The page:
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HUNTINGTON — After nearly two years of planning, a wellness center tailored for Huntington’s police officers and firefighters will finally come to life on the fifth floor of the Huntington Police Department.

The center will be one of many resources available to the city’s first responders through the Compass Program, an initiative designed to combat compassion fatigue and burnout for those on the front lines of the opioid epidemic.

“The Compass Wellness Center is a critical component of a much broader effort, and I’m proud to announce today that the first phase of construction is about to begin,” Mayor Steve Williams said Thursday during a news conference. “The construction is going to begin on the first phase of the wellness center — the exercise center — before Aug. 1.”

The first phase will cost $440,000, with $250,000 contributed from the city and the remaining $190,000 raised from grants and private donors.

The exercise space will differ from a typical gym — it will include specialized equipment, open exercise space and group areas, Compass physical fitness coach Amy Henshaw said.

“Functional training does not take place in one plane of movement,” she said. “So the open workout area of the wellness center will utilize plyometric equipment such as boxes, sandbags, kettlebells and power sleds.”

Henshaw will work with mental fitness coach Amy Jefferson to develop integral action plans for both body and mind wellness.

The initiative began in 2018 when Huntington was awarded $1 million from the Bloomberg Philanthropies’ U.S. Mayors Challenge to begin the process of “helping the helpers” in the face of crisis, a pivotal moment for the community, Williams said.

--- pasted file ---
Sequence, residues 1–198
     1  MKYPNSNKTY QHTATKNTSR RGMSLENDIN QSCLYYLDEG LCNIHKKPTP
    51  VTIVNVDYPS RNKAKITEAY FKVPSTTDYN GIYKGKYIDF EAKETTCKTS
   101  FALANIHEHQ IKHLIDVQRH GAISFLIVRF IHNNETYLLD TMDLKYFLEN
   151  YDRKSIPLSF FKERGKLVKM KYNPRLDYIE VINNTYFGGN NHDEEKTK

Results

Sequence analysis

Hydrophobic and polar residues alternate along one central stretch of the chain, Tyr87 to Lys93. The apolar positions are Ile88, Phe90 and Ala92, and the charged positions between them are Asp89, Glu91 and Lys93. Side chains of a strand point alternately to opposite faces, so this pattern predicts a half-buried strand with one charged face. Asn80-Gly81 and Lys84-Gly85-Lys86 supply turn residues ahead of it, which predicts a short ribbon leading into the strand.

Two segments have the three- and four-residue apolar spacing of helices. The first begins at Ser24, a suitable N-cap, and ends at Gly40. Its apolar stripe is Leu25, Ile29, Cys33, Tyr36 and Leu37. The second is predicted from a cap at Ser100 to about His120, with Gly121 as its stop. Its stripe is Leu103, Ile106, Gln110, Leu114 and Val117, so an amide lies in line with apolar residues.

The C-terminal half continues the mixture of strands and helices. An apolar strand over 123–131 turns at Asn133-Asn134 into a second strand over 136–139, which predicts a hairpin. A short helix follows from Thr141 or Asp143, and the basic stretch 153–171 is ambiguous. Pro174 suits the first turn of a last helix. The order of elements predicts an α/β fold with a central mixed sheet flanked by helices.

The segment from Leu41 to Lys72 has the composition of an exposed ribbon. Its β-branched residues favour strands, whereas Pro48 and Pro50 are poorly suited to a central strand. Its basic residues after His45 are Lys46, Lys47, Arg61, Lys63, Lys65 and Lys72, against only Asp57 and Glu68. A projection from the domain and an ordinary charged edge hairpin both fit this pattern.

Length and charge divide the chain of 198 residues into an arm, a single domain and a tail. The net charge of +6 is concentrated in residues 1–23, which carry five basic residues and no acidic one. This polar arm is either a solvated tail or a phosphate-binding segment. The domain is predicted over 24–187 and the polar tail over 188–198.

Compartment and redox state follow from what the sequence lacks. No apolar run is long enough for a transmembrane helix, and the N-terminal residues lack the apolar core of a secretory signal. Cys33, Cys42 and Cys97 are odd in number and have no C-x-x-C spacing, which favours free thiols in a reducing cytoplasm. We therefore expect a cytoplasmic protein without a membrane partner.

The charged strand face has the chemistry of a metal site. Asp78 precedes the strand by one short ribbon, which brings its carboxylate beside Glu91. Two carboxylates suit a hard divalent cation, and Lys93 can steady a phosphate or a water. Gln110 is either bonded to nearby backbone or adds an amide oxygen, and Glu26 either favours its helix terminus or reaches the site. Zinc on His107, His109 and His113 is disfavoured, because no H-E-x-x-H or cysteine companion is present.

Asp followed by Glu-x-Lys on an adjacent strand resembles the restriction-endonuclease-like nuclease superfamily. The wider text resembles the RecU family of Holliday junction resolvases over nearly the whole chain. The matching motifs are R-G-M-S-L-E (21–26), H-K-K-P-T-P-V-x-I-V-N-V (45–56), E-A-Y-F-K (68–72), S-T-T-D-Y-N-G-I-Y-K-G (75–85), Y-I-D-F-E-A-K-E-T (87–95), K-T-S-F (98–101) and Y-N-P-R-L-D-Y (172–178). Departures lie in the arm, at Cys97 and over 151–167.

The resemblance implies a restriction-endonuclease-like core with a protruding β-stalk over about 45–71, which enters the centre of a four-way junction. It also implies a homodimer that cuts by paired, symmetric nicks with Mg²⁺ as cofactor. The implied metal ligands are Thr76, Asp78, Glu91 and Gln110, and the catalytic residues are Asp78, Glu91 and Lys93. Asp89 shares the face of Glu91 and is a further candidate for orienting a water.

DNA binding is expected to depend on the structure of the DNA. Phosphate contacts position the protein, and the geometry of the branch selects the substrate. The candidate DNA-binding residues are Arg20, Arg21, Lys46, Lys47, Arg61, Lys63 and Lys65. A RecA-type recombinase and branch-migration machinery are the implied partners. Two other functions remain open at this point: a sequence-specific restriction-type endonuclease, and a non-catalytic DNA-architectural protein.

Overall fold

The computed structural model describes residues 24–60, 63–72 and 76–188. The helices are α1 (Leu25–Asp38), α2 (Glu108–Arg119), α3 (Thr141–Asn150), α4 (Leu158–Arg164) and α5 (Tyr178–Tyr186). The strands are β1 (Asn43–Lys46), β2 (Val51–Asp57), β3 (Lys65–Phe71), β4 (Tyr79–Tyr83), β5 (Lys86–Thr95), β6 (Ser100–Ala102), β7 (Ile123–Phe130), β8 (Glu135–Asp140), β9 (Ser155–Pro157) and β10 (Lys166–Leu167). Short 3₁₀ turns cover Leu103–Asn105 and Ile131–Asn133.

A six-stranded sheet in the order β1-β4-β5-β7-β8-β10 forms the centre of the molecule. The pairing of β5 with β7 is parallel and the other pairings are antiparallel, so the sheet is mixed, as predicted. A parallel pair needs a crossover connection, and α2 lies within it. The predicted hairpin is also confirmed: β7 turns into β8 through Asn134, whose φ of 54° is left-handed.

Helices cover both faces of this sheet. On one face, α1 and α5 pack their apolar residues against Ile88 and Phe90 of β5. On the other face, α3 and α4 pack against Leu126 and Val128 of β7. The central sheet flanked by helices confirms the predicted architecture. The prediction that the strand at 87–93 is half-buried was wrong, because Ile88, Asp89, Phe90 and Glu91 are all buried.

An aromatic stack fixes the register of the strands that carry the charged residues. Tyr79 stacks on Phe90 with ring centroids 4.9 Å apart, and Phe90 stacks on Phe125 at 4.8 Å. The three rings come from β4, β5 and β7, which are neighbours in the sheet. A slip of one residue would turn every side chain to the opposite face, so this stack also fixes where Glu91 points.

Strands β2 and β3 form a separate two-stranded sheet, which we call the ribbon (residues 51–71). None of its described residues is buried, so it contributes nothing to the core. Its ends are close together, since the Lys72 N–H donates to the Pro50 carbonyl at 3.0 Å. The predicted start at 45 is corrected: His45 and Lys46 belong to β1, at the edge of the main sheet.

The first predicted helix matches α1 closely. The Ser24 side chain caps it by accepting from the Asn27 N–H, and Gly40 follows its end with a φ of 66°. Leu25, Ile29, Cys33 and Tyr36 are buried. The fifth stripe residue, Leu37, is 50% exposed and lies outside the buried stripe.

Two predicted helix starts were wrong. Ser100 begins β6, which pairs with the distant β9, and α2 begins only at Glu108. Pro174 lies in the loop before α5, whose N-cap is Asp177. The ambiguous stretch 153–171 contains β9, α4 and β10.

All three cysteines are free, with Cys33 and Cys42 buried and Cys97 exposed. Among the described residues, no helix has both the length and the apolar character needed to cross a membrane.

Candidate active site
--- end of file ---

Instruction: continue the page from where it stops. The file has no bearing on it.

“None of us ever imagined that two years later we’d be in the middle of a global pandemic, and full of national social and civil strife, with the police departments around the country right in the middle,” Williams said. “We are reforming public safety, because what we are doing with the Compass program, we’re providing an outlet for our first responders to be able to deal with the stresses that they deal with on a day-in, day-out basis.”

Williams said assisting first responders and their families is the first step in making a difference in the lives of residents and improving civilian interaction.

“It’s something that our residents deserve,” Williams said. “This is important for the residents in our neighborhoods to know that we are providing something that nobody else in the country is doing, so they can do their job in the way we know they are capable of doing.”

The model of merging mental and physical health can also be used for emergency room workers, schoolteachers or anyone facing ongoing occupational stress or burnout.

Fundraising will continue for the next three phases of the Wellness Center, which include office space, a nutrition center and new restrooms.

Follow reporter Hanna Pennington via Twitter @hpennHD.

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